Increasing Shipping Traffic through the Bering Strait: Challenges of International Policy in a Rapidly Changing Climate and Managing Impacts to Regional Cetacean Populations
M.S. Coastal Zone Management
The Arctic region is experiencing growth in marine traffic as seasonal ice conditions shift to longer periods of open water and vessel improvements that have allowed for transit in heavier ice conditions. Regionally, Russia is improving existing transportation infrastructure to support increased traffic along the Northern Sea Route. As a result of these and other factors, shipping traffic is increasing through the Bering Strait and Bering Sea. Regulating traffic in these areas is more complex than most other areas in US waters given the presence of an international strait subject to international regulation through the International Maritime Organization. The US Coast Guard has recognized the hazards of increased traffic and is developing shipping guidelines to mitigate ship traffic risks. Further work will be needed to translate those guidelines into international law. In addition, research and management, focus has been on impacts to the Arctic Ocean, biological resources within, and the human residents at its margin while the Bering Sea/Bering Strait region tends to receive less attention. Of significance is the potential risk of increased ship strikes for endangered whales species, such as fin and humpback, that rarely enter the Arctic Ocean but aggregate in large numbers in the northern Bering Sea. To establish appropriate international and domestic regulations that mitigate ship strike risk, a greater understanding of ship traffic patterns, marine mammal densities and behaviors, and encounter risk will be needed. Accomplishing this will require a collaborative approach among multiple stakeholders utilizing established pathways such as Alaska Marine Exchange and the Arctic Data Integration Portal.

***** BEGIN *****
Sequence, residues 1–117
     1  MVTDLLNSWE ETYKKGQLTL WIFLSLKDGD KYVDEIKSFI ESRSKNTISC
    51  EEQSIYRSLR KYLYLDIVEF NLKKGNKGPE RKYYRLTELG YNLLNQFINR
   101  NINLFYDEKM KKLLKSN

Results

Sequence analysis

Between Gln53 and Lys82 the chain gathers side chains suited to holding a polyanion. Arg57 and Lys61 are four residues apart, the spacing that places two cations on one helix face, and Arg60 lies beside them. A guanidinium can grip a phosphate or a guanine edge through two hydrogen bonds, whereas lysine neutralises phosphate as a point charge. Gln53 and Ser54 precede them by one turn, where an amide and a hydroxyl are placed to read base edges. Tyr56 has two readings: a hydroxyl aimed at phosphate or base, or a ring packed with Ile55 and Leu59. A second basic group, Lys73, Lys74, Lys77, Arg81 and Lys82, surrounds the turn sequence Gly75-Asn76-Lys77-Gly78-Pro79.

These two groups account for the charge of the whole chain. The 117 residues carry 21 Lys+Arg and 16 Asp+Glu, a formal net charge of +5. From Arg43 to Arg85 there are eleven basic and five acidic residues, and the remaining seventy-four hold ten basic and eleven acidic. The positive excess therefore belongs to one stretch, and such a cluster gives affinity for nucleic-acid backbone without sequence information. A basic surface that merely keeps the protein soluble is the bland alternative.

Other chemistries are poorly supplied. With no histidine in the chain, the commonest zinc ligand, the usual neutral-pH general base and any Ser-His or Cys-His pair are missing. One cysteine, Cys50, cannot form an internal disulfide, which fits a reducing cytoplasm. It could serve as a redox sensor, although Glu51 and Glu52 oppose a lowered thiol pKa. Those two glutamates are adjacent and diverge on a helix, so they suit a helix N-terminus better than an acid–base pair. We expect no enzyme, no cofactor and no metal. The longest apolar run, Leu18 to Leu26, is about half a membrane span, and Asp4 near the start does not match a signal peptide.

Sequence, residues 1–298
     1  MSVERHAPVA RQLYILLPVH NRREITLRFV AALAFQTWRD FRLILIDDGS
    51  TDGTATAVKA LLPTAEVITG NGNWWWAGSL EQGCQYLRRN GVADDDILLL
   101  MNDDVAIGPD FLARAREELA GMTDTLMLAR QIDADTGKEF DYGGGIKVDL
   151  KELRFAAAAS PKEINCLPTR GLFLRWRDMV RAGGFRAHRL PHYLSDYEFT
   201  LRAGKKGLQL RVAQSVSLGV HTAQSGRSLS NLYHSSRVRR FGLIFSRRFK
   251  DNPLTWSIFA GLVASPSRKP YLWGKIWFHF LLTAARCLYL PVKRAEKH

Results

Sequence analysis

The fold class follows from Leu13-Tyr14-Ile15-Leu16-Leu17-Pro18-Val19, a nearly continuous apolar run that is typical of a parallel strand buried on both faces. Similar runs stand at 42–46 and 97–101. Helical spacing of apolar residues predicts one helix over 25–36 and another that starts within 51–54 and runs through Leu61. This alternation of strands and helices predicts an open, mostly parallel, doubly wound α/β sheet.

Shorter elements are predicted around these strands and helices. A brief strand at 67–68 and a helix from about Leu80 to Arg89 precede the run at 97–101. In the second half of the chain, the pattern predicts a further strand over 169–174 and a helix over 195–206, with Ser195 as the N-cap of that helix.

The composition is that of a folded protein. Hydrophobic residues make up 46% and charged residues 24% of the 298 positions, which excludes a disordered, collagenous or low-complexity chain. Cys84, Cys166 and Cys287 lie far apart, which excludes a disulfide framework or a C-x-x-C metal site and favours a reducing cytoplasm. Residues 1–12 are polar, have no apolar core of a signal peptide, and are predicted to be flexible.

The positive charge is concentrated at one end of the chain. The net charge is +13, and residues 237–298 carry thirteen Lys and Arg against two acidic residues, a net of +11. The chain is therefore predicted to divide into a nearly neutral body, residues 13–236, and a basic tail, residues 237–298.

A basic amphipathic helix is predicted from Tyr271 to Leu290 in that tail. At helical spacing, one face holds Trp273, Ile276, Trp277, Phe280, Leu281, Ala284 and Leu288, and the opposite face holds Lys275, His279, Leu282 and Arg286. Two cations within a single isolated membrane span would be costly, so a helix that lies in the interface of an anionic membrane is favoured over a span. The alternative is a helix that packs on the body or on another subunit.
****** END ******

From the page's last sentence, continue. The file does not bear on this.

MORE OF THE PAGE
Laura Morse. 2016. Increasing Shipping Traffic through the Bering Strait: Challenges of International Policy in a Rapidly Changing Climate and Managing Impacts to Regional Cetacean Populations. Capstone. Nova Southeastern University. Retrieved from NSUWorks, . (323)
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